In the College Center Building the other day I heard a student tell a friend she wasn't planning to vote in the Presidential election because she didn't know much about the candidates and "it didn't really matter who got in anyway."
Her friend nodded and said that she too was sitting the election out. She added that she hadn't paid any attention to what the candidates stood for, though she thought Donald Trump was a jerk and had heard Hillary Clinton couldn't be trusted.
So both were letting others decide their future for them.
This isn't a pitch for a specific candidate (though I can say for sure it DOES INDEED MATTER who becomes President). Nor is it one of those "voting-is-your-civic-responsibility" lectures that you've probably heard before and that doesn't seem to resonate these days even though there are tons of people on this planet who would give anything to have a say in who runs their country.
But it is about engagement and knowledge and interest, none of which seemed to matter much to the two students whose conversation I overheard.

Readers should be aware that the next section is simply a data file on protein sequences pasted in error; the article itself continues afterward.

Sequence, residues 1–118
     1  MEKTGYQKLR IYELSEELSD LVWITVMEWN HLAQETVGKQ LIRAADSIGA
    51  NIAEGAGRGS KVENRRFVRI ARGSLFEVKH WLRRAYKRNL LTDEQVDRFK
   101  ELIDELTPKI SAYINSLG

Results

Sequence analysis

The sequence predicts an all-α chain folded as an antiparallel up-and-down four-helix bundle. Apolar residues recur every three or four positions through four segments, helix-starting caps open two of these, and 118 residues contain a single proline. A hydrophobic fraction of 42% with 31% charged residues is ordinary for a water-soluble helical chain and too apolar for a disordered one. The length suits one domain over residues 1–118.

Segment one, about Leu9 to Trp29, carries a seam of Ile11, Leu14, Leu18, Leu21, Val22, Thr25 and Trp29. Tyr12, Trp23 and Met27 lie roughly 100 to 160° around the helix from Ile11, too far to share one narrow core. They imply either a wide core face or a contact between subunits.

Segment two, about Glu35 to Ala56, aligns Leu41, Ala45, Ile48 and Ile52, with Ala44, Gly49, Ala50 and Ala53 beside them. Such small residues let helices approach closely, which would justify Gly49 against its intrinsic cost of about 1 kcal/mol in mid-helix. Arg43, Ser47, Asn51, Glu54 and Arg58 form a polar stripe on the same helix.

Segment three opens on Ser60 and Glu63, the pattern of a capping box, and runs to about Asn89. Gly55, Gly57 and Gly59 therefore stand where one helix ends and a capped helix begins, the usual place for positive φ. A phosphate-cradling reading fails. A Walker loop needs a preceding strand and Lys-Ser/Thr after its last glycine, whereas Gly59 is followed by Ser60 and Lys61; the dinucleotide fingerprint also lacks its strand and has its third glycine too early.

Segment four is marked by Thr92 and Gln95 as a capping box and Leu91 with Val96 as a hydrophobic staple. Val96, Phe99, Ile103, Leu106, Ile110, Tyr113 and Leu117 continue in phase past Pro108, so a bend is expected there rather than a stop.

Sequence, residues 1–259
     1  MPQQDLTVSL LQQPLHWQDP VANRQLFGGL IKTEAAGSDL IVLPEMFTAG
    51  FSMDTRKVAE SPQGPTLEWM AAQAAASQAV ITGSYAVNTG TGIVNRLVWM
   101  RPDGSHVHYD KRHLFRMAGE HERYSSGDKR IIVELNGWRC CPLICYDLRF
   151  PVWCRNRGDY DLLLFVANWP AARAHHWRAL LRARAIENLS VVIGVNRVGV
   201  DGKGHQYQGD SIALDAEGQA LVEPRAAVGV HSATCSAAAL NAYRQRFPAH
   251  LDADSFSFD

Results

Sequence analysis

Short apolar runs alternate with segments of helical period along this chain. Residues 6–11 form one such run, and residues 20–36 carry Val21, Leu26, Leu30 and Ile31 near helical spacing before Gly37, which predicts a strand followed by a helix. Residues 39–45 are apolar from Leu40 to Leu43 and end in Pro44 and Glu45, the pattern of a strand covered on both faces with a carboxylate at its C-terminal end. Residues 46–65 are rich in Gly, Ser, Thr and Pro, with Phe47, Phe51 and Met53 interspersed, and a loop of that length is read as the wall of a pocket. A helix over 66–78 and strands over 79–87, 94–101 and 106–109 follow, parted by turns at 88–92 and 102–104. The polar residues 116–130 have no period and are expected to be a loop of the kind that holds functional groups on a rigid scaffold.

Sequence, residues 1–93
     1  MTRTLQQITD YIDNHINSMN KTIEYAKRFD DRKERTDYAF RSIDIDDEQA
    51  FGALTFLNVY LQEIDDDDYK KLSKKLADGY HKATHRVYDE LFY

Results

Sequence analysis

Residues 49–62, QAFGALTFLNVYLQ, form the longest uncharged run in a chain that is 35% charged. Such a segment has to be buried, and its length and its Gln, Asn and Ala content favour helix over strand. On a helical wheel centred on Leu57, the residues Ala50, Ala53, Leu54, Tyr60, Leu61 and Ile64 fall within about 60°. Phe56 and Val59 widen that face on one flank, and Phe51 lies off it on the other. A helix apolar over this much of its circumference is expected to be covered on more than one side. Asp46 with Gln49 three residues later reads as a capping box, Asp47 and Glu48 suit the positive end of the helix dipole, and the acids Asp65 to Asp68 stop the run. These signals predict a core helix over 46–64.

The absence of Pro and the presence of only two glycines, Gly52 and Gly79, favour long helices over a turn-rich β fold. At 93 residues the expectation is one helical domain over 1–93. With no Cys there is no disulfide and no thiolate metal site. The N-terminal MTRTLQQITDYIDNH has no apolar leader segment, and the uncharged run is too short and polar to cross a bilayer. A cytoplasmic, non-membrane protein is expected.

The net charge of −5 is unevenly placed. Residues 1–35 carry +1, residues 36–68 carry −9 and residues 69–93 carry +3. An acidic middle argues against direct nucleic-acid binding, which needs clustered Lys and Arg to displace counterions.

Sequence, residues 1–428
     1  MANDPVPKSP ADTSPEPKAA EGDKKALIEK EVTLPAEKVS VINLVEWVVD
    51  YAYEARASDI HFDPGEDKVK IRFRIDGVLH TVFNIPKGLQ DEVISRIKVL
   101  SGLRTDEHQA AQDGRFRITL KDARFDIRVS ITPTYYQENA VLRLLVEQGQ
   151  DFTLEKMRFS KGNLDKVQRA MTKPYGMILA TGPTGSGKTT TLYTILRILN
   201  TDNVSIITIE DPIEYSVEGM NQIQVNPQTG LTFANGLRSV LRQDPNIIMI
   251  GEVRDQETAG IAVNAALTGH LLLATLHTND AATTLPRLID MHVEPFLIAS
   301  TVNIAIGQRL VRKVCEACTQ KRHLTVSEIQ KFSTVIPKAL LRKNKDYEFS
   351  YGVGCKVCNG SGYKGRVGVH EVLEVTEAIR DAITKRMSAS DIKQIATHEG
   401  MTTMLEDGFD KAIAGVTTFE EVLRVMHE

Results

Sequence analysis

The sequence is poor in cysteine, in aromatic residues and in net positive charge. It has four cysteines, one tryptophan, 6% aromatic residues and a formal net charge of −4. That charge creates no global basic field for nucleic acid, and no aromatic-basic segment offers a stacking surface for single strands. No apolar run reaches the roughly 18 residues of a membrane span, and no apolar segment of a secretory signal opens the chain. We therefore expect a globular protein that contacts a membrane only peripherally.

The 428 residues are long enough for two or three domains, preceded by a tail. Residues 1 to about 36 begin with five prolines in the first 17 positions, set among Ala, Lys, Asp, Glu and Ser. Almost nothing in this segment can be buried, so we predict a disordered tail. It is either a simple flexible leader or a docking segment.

It's also, in a curious kind of way, about personal pride. Neither student seemed at all embarrassed that she hadn't bothered to learn about the candidates or their views on issues that will most certainly affect everyone's life. Both seemed content to be ignorant and indifferent, as if making an intelligent and informed decision about the next President was on par with deciding what Netflix film to watch on Friday night.
Happily, there are students on campus who pay attention to the world, including the words and ideas of those seeking to succeed Barack Obama, and who will get to the polls on Election Day and cast a vote for the candidate of their choice. To those I say Bravo, no matter what their politics.
But to those who know nothing--and who see nothing wrong with knowing nothing--it's time to step up and start paying attention. There's too much at stake on Election Day (and beyond) for anyone to be mentally missing in action. What's more, your life is too important to leave its quality and direction to others, not all of whom (trust me on this) have your best interests at heart.
So take these next few weeks to get registered (here's how--https://www.elections.ny.gov/) and get informed. And on Election Day, get to the polls and vote.
Because your voice and your vote matter. . . .